Of course this is too big and too tall and too long, but how can you argue with a list of 50? Particularly when it comes from somebody who knows the territory. Take a look at 50 Essential Strategies For Creating A Successful Web 2.0 Product on Dion Hinchcliffe’s Web 2.0 Blog.

He starts with a pleasantly nerdish diagram, which I can’t resist (sorry, it’s the MBA in me, even 25 years later) reproducing here (from his blog, by the way):

Don’t worry, he explains software architecture and product design, as follows:

Software architecture determines a web application’s fundamental structure and properties: resilience, scalability, adaptability, reliability, changeability, maintainability, extensibility, security, technology base, standards compliance and other key constraints, and not necessarily in that order.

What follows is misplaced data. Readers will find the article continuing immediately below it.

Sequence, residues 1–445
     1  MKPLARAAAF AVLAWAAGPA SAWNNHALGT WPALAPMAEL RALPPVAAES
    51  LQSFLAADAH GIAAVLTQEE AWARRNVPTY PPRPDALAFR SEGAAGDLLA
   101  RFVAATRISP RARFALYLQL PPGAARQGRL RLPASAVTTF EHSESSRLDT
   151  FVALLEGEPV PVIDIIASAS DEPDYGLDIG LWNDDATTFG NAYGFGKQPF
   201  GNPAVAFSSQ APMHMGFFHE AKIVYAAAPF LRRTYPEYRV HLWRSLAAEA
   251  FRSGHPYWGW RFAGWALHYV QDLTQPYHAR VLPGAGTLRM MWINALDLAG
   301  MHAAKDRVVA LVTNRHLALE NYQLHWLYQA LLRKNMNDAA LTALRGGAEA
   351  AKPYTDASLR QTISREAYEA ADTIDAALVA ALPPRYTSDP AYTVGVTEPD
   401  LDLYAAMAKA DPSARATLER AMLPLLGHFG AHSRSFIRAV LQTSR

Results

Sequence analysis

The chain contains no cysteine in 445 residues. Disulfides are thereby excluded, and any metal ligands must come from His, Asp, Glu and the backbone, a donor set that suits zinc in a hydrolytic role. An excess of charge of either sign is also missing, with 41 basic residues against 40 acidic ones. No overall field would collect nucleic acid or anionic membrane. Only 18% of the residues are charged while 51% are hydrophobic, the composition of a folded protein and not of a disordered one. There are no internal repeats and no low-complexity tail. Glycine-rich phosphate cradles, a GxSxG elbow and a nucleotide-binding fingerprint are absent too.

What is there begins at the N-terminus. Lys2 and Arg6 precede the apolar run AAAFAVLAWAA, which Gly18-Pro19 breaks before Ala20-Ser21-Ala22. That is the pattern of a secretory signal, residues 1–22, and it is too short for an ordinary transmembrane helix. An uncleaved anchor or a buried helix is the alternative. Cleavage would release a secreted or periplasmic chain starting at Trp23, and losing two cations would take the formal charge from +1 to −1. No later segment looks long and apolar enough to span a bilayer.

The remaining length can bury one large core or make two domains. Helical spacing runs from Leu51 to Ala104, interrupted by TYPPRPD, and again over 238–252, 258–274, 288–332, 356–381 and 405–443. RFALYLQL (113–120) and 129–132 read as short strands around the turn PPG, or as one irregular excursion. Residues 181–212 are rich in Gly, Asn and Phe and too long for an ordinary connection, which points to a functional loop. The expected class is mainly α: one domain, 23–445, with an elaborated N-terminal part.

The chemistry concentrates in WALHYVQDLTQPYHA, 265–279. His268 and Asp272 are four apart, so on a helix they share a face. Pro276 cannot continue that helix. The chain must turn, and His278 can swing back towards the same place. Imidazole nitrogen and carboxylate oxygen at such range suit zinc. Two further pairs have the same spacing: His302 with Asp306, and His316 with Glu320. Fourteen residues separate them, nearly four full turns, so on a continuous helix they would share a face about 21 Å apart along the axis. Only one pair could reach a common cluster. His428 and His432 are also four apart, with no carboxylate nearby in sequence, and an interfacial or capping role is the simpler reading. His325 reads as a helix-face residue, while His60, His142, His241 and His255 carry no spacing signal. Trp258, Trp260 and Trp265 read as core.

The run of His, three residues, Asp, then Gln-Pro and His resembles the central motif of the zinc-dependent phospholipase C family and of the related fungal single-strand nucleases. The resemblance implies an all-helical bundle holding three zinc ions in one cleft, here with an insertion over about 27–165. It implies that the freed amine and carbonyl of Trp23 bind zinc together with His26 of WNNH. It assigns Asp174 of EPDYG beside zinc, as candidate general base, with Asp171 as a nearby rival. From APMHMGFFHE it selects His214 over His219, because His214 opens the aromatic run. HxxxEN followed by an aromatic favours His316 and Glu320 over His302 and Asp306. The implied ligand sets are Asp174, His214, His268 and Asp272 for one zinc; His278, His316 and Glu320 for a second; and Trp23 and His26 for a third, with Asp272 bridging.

Product design determines a web application’s observable function: Usability, audience, feature set, capabilities, functionality, business model, visual design and more.  Again, not necessarily in priority order.

So that’s cool enough by itself, and it’s a nice introduction to a thought-provoking list of 50 strategies. They’re actually more like tips, or snippets, all of them worth thinking about. “Start with a simple problem,” for example, and–my personal favorite–“release early and release often.”

If you’re anywhere near product development for the web these days, read this list. You won’t accept all of them, for sure, but you’ll think about some of them.

Tim BerryTim Berry

Tim Berry is the founder and chairman of Palo Alto Software and Bplans.com. Follow him on Twitter @Timberry.